Following the Commonwealth Day Observance on March 9th, I enjoyed two more readings in England.
In London, I read at the vibrant Loose Muse, hosted at The Poetry Society’s Poetry Cafe in Covent Garden, along with Agnes Meadows and a formidable open mic group of women poets.
In Sheffield, I read Sheffield-Hallam University along with the novelist Desiree Reynolds.
Photos and videos from both these events can be found on my Facebook page.
March 9th 2015 was the most extraordinary day of my life.
On that day, I stood on the Sacrarium Steps of Westminster Abbey and delivered a specially-commissioned poem, “Gathering”, to a crowd of 2000 people, including the British royal family.
I wrote about the experience at length for The Hindu, here.
And a little piece on how I picked out my wardrobe for the day for Fashion 101, here.
Here is the official recording of my performance:
And here are a few photographs. My favourite is the last one, taken during the rehearsal.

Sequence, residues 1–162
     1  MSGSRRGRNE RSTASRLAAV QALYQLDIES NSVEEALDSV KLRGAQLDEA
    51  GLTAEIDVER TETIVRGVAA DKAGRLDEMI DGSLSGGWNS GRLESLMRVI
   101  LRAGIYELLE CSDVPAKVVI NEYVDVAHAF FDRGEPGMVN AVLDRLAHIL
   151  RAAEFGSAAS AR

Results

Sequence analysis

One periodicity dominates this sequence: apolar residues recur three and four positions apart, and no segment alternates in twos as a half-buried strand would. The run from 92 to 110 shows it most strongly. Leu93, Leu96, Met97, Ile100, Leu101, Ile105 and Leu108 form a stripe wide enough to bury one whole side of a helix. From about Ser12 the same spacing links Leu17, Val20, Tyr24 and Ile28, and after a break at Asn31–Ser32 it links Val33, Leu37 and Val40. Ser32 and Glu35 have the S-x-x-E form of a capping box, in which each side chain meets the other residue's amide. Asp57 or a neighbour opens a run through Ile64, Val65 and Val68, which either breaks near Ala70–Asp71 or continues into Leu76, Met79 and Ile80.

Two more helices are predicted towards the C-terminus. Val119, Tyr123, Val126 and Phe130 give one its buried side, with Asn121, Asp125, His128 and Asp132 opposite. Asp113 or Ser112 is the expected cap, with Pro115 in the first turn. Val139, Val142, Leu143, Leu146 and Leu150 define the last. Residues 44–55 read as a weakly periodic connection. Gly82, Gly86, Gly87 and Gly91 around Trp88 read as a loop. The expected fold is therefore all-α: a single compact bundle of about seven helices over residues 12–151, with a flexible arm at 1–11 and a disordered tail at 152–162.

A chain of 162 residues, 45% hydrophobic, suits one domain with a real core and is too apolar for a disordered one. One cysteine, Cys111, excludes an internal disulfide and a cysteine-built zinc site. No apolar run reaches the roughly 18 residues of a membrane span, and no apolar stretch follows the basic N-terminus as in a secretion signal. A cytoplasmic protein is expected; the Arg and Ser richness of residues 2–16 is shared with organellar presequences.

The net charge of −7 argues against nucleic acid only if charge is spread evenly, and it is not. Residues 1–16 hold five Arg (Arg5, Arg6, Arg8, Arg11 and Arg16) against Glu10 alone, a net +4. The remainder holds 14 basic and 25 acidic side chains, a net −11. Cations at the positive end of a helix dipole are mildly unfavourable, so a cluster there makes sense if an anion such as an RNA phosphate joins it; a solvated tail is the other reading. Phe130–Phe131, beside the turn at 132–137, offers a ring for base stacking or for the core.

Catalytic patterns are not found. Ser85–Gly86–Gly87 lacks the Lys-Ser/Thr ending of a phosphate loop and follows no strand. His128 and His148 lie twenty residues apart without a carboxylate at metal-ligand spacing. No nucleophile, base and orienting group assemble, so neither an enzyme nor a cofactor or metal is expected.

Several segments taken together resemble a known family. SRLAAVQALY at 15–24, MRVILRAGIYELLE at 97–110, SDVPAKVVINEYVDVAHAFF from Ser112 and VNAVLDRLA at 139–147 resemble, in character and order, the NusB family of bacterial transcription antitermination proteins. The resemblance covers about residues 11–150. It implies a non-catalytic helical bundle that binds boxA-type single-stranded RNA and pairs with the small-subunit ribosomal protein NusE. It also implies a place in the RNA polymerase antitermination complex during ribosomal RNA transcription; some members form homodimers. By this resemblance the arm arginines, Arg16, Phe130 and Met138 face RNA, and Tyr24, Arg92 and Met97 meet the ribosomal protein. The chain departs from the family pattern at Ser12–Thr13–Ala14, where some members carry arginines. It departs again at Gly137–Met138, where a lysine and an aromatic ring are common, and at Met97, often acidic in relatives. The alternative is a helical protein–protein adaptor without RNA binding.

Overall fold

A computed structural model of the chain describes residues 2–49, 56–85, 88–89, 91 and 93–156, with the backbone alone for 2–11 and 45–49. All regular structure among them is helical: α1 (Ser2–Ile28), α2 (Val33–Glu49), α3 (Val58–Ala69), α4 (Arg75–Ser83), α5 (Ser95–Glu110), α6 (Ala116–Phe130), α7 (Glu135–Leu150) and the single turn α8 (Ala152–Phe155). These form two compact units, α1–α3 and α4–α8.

I’ll be reading along with Raficq Abdulla, Stephen Watts, Al-Saddiq Al-Raddi, Fatieh Saudi and Ziba Karbassi with music by Kalia Baklitzanaki at the St. Ethelburga’s Centre for Reconcillation and Peace.
Friday July 20th, 7pm. Details here.
I’ll be reading at the Tagore Centre, Embassy of India in Berlin. Embassy rules do not permit sales of books or other items, so you can get a copy of Witchcraft, if you wish, at a small afterparty (venue to be announced at the reading).
Tuesday July 24, 6pm. Details here.
Because artists live outside and among blurred borders, because artists make the world smaller, because artists are cultural cross-pollinators, I am delighted and honoured (first I was baffled, then I was honoured, and now I am delighted) to represent Malaysia, where I mostly grew up, at Southbank Centre’s Poetry Parnassus Festival, which is bringing together poets from all over the world.
Here is more about the festival. And here is an interview with me on my participation in the festival.
I am currently scheduled to read on June 29th between 4pm and 6.45pm at a free event called “This Is What The World Sounds Like” at Southbank Centre’s Clore Ballroom. The festival schedule is subject to change, but you can see what else is taking place here. If you’re able to catch it (maybe literally!), the Rain of Poems should be very cool to watch.
My book of poems, Witchcraft, is not available at the festival bookstore, so you can only purchase it from me directly. If you’re in London, I would love to see you at Poetry Parnassus. Please come, and tell your friends.